"Apple’s smartphone shipments typically are weak during the quarter preceding the launch of a new iPhone model. Buyers historically have delayed their purchases until the newest model is available. Then they rush out to get the latest and greatest version once it’s being sold, leading to a spike in demand. IHS predicts the same pattern will occur with the iPhone 5."-Wayne Lam, senior analyst, wireless communications, IHS
With the introduction of the 6th generation Apple iPhonejust hours away
, it seems that the new iPhone is being asked to carry the entire smartphone industry on its back and lead a surge in shipments for the second half of the year. IHS iSuppli is calling for Apple's own smartphone shipments to rebound in the third and fiurth quarter following a decline in the second quarter. This is the typical pattern that Apple faces just prior to a new Apple iPhone launch. The quarter before the launch of the next iPhone is traditionally weak as buyers sit on the sidelines awaiting the new model. Once the device is launched, sales take off, as you would expect. Sequentially, Apple's smartphone shipments dropped 26% in the second quarter to 26 million units. Q1 saw the Cupertino based firm ship 35 million units.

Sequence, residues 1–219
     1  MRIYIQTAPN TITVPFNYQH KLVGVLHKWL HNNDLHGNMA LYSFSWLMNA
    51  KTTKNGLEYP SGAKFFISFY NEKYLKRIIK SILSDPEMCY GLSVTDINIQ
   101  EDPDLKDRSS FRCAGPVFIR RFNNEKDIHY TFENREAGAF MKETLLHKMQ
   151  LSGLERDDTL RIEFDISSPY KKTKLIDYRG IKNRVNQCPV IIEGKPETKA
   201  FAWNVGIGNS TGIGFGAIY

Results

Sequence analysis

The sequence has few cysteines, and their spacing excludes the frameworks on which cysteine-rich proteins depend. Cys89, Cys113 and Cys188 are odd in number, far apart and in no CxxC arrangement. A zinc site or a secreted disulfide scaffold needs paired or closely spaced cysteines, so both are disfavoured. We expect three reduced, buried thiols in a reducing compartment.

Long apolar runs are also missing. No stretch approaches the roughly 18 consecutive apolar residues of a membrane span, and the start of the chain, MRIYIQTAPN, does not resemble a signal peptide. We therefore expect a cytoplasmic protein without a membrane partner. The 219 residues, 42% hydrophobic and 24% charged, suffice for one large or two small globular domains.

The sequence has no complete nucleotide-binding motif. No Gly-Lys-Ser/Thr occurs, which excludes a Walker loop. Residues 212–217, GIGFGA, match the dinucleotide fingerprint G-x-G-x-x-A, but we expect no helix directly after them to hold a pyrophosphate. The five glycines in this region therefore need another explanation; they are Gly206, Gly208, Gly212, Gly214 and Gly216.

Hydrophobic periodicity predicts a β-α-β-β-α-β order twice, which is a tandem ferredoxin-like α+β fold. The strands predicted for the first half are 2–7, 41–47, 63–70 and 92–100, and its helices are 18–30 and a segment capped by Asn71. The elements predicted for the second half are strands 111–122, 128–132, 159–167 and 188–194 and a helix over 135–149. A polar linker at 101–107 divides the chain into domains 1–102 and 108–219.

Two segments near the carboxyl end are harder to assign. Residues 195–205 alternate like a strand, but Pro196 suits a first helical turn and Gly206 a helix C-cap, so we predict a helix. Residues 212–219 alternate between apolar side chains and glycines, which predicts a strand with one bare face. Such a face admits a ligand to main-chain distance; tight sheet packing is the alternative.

This mockup shows what the back of the new Apple iPhone should look like
Apple's weak second quarter contributed to a 1% drop in global shipments of smartphones to 135 million units in the April-June period, down from 137 million sold from January through March. From July through December, IHS sees smartphone shipments around the planet shooting back up to 346.5 million units
, up sharply from the 272.3 million shipped from January through June.
Jagdish Rebello, PhD, director for consumer and communications at IHS, says that if the new Apple iPhone
comes with NFC technology, the number of NFC enabled handsets shipped in 2012 will soar 118% to 233 million units
. That compares with 94% growth last year and an expected 81% increase in 2013. Additionally, thanks to its iconic smartphone, Apple is the largest OEM purchaser of semiconductors in the world with such buying expected to add up to $28 billion in 2012. That would be a rise of 15% from the $24 billion Apple spent last year on semiconductors.